Cheerleading competitions are high stakes, high pressure events. Competitions – especially Nationals – are exciting, exhilarating, and for some of you – terrifying! Who can deny the thrill of performing in front of hundreds or thousands of screaming fans?
Who would want to miss the opportunity to show the world the fruits of your months of hard work? The skills and hard work in your routine weren’t just given to you like free stuff on Gumtree or a present when it’s not your birthday. And it has been hard work – creating your routine, revising it, and practicing it over and over again until you’ve nailed it!
But rehearsing the routine repeatedly is only part of being a winner. What is equally if not more important is the mental game of preparation for cheerleading competitions. As I mentioned before, most pro athletes and virtually all Olympic athletes work with sports psychologists, so why not cheerleaders?
Winning is the science of being totally prepared and being mentally prepared is essential.
So what do I mean by mental preparation? Mental preparation refers to learning how to control your body and control your thinking. It means training your body and your mind to do what you want them to do at the time of your performance to ensure you perform at an optimal level.
You know, everything you do is dependent on your brain. You become what you think. Let me explain this a bit more so you have a good framework to help guide you as we proceed.
A competition, although wonderful and exciting, may be perceived as a threatening event. Why threatening? Well there is risk involved. There is uncertainty involved (you may not win, you may not nail your routine, someone may get dropped, and so forth). Plus you are being observed by judges and a huge crowd; your every move is going to be scrutinized.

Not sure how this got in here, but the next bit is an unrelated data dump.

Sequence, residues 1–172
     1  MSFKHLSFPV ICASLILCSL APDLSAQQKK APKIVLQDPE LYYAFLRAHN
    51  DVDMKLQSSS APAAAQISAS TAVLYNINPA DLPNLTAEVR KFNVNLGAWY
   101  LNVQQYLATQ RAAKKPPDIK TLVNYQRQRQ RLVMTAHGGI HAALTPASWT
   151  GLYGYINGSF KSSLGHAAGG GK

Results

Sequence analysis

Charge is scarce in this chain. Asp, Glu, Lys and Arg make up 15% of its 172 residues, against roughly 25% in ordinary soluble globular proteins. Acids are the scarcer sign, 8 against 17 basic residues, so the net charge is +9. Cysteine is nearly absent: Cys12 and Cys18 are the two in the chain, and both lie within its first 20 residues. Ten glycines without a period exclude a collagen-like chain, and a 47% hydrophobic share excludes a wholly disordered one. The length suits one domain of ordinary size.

In such situations you naturally get at least a bit anxious. Anxiety is your mind’s response to real or imagined danger.
In such situations certain physical things happen. The grand control center in your brain, the prefrontal cortex which is located just behind the forehead, alerts certain other structures in the brain to flood your prefrontal cortex with stress hormones and neurotransmitters that short circuit brain functioning. As a result, your attention narrows and your thinking becomes less flexible. Jumping to conclusions and acting precipitously or freezing are common at this point.
In other words fear and stress can make you stupid! No offense – it happens to all of us.
If an event is seen as positive or neutral, the prefrontal cortex will release a different chemical cocktail than if it is seen as negative. In other words, depending on how you perceive a given situation, you will either perform well or poorly. So if you perceive a competition as a positive event and if you have control over your thoughts, your brain will release a slew of chemicals that will help you perform better.
So, doesn’t it make sense to control your thoughts to make sure they are neutral or positive? You’ll hear a lot more about this is future posts, so come back for more!